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TOP 500 REVIEWERon 21 July 2014
In March 1929, philosophers Martin Heidegger (1889 -- 1976) and Ernst Cassirer (1874 -- 1945) met in Davos, Switzerland for a public series of individual lectures and for a discussion and debate. The Davos meeting has assumed an important, near legendary, stature in the history of Continental philosophy. In his book "Continental Divide: Heidegger, Cassirer, Davos" (2010) Peter Gordon gives an account of the the two philosophical protagonists, their Davos meeting, and of what proceeded and followed the Davos meeting. Most importantly, Gordon discusses what was and what was not at stake in the discussion between Cassirer and Heidegger. The book displays a rare combination of historical and philosophical insight. Gordon is Amabel B. James Professor of History and Harvard College Professor, Harvard University. Recently issued in paperback, his book won the Jacques Barzun Prize of the American Philosophical Society.

At the time of their Davos meeting, Cassirer and Heidegger were renowned. The older philosopher, Cassirer, was an urbane German-Jewish philosopher and a neo-Kantian who had written extensively on the history of philosophy, including a three-volume statement of his own philosophical approach, "The Philosophy of Symbolic Forms". Heidegger was born in rural Germany to a family of modest means and saw himself as an outsider. Before the Davos debate, Heidegger and published only one book, but it was extraordinary and made him famous. The book,"Being and Time" (1927) has become a classic of philosophical literature. In their Davos debate, Cassirer and Heidegger explored the issues that divided them and also tried to see the extent to which they shared common ground.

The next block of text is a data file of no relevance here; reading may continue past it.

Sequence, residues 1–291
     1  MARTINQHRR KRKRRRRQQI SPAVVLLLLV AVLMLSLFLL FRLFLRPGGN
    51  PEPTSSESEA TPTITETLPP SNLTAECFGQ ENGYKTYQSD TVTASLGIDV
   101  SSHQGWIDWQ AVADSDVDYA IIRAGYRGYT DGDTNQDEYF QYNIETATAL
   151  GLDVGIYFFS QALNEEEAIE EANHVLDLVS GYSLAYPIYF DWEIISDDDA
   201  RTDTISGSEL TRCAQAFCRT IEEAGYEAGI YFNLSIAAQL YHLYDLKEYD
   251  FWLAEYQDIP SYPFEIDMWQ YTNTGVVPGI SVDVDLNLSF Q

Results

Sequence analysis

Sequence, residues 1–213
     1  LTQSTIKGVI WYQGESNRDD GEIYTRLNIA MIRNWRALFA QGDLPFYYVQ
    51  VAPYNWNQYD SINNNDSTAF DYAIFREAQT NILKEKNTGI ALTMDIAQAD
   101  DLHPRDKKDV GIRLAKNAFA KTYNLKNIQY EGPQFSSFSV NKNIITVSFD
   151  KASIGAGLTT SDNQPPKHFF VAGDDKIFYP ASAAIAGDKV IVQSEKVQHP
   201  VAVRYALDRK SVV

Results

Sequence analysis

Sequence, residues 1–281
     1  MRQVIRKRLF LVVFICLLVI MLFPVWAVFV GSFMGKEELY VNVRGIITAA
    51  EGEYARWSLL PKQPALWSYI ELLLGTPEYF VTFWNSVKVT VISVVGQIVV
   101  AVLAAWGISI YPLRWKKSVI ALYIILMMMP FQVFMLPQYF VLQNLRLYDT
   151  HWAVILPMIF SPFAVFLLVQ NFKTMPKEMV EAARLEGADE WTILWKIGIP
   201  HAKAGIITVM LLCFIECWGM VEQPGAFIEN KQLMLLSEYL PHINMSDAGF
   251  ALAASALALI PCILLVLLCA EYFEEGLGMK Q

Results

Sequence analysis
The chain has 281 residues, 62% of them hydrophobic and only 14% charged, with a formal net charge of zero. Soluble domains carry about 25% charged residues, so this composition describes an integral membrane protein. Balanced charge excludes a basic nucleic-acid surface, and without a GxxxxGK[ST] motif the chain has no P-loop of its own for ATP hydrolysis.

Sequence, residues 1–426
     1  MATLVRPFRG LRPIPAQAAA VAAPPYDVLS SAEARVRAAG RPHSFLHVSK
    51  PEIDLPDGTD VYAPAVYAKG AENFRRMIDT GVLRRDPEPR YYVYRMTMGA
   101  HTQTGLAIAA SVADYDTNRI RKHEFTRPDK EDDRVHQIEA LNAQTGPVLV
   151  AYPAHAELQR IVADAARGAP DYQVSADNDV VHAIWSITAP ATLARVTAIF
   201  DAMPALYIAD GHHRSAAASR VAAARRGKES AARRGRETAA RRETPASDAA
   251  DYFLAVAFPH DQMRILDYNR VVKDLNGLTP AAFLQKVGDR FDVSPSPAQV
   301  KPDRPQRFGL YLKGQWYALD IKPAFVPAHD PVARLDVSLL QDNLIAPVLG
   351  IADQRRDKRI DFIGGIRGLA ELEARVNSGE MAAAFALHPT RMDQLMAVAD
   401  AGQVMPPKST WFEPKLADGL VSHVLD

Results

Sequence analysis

As did contemporaries to the debate, Gordon compares the discussion to the conversations between Naptha and Settembrini for the heart of Hans Castorp in Thomas Mann's novel, "The Magic Mountain". Mann's philosophical novel also was set in Davos. Gordon sees the debate as revolving broadly around a question posed by Kant: "what is man?". Gordon finds the debate between Cassirer and Heidegger turned on what he termed two competing "images of humanity" each of which derived in part from Kant. Cassirer's position derived from what Gordon terms "spontaneity" the ability of the human mind to shape reality and to create meaning in science, culture, ethics and other forms of endeavor. Heidegger's thought turned on what the philosoper termed "thrownness" or receptivity. It described man as a finite recipient of the world and of conditions which human beings do not control Human being in the world is historical with no philosophical "grounding". Heidegger's thought began with religious questions although it abandoned religion. Cassirer's began with science and proceeded outward, particularly to ethics. Gordon's book explores and develops these complex, difficult themes in the Davos debate and in what proceeded and followed the debate.